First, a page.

A big pile of gifts

Does your organisation have an up-to-date gifts and corporate hospitality policy in place? Are you able to easily register any gifts you receive or give? Having an up-to-date gifts and corporate hospitality policy in place will help you comply with your responsibilities under the Bribery Act and other anti-corruption legislation.

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What is a corporate gifts and hospitality policy?

A corporate gifts and hospitality policy sets out an organisation’s policy with regard to when and whether employees are allowed to accept gifts both within and outside of the work premises. In the case of a gift that an employee is allowed to receive, the policy sets parameters for the acceptable value and type of gift that is permissible to receive. The policy also defines under what circumstances an employee may receive a gift. 

What should be included in a gifts and corporate hospitality policy?

The purpose of such a policy is to ensure that your organisation and its employees comply with the anti-bribery and corruption policy, bribery laws and best practice in combating corruption in all of the countries and business areas in which you operate. The policy should complement your organisation’s bribery and corruption policy. Here is some guidance on what the policy should include.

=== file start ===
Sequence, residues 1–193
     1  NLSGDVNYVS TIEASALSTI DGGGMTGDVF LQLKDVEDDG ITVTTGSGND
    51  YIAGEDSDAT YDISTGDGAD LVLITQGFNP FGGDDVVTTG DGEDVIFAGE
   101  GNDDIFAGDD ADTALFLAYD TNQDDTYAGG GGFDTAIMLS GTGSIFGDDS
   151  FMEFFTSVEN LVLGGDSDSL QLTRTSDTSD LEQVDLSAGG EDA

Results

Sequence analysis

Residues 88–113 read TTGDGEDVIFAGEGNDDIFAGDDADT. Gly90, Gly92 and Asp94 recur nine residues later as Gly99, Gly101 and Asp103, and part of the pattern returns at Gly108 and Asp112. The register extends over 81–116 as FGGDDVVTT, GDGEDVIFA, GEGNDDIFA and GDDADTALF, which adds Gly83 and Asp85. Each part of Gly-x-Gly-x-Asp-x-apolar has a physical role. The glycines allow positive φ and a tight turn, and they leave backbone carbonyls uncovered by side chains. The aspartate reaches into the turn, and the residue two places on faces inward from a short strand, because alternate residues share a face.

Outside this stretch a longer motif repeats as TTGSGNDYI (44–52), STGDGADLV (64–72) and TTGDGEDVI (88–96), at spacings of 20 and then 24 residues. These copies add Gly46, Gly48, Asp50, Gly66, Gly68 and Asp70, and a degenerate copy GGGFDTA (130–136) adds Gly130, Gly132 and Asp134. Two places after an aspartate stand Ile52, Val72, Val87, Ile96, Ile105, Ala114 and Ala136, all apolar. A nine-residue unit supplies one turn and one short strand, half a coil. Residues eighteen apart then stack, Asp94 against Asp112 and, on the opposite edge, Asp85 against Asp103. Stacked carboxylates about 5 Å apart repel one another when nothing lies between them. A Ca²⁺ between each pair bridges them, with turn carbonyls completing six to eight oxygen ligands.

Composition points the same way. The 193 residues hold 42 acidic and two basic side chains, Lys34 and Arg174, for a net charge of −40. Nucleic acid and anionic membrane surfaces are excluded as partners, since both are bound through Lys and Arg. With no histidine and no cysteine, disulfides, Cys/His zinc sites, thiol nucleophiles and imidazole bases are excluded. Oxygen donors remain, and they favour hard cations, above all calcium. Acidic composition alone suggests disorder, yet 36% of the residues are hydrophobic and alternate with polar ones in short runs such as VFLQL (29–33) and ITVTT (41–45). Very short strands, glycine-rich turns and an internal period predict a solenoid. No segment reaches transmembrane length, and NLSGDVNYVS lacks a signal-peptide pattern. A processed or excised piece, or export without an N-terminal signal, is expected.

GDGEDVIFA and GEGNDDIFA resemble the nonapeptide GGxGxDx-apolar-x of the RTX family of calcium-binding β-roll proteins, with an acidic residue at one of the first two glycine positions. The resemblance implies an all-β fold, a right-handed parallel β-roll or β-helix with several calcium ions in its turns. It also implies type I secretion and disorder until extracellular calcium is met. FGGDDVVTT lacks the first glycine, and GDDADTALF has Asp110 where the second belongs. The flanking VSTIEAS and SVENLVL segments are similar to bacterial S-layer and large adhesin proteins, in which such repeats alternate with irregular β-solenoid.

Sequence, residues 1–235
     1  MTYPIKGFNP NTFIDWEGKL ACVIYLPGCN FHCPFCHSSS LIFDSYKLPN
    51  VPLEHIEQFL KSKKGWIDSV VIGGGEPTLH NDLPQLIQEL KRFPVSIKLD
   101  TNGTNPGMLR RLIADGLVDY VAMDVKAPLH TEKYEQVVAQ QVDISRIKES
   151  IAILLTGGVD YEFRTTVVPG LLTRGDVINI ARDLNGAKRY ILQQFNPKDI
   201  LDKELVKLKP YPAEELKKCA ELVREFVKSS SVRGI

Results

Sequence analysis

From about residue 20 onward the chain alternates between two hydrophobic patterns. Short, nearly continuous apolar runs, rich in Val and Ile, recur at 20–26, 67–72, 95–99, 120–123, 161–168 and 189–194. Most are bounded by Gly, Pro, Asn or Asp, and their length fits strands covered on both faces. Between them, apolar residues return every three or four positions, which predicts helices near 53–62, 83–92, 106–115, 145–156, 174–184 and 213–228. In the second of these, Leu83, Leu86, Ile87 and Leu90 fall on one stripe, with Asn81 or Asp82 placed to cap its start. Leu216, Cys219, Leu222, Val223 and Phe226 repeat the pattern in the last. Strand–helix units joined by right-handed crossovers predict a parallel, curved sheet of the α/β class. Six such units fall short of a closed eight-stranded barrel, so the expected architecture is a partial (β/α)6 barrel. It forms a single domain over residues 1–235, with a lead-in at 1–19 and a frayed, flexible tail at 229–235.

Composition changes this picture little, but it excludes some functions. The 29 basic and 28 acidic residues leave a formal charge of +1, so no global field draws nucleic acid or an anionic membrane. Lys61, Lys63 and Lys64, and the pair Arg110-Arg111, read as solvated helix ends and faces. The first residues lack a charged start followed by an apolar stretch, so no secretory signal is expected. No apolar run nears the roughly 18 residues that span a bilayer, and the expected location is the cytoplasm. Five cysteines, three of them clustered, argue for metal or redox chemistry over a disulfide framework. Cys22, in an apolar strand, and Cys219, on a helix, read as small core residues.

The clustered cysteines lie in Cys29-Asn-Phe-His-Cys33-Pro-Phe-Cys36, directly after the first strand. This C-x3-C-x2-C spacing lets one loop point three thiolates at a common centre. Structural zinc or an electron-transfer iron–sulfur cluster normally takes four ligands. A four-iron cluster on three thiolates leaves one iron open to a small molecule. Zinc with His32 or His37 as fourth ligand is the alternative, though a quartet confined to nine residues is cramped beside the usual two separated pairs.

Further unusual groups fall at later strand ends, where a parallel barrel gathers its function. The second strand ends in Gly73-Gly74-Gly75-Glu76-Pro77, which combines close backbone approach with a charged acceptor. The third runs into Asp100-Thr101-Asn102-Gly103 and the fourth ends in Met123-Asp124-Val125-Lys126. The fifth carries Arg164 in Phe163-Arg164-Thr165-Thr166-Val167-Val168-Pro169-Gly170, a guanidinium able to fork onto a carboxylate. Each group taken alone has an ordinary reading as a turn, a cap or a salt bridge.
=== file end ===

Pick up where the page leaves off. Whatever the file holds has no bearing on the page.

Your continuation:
Learn more about VinciWorks’ gifts & hospitality solution here


The introduction to the gifts and corporate hospitality policy should give a clear definition of what bribery is: an offer, promise, financial or other reward to a person with public or private responsibilities as an inducement or reward for doing something (or not, as the case may be) improperly, i.e. in bad faith or in breach of trust. Explain that one way in which bribes could be paid or received is via gifts or corporate hospitality.


How, and to what extent will the policy be applied and who has the ultimate responsibility for ensuring that the business adheres to the policy? This section should also make clear the company’s policy on expenditure and that all expenditure must be recorded.

Suspicions of bribery

Any suspicion that an individual is offering or asking for a bribe must be reported to a designated person in the organisation. In the policy, it should be made clear what is be considered suspicious activity according to the Bribery Act 2010.

Reporting procedure

What is your company’s reporting procedure? A form should be provided for staff to complete should they have any concerns. You must also state in the policy who is responsible for processing suspicions and judging whether or not a Subject Access Request needs to be made to the National Crime Agency.

VinciWorks’ anti-bribery e-learning course

VinciWorks’ suite of anti-bribery courses brings together gamified learning, personalised content, short bursts of information and refresher training. Our course builders make delivering the most relevant content to each employee easy, while real-life scenarios make the training engaging for the user. You can demo the course by clicking on the button below.

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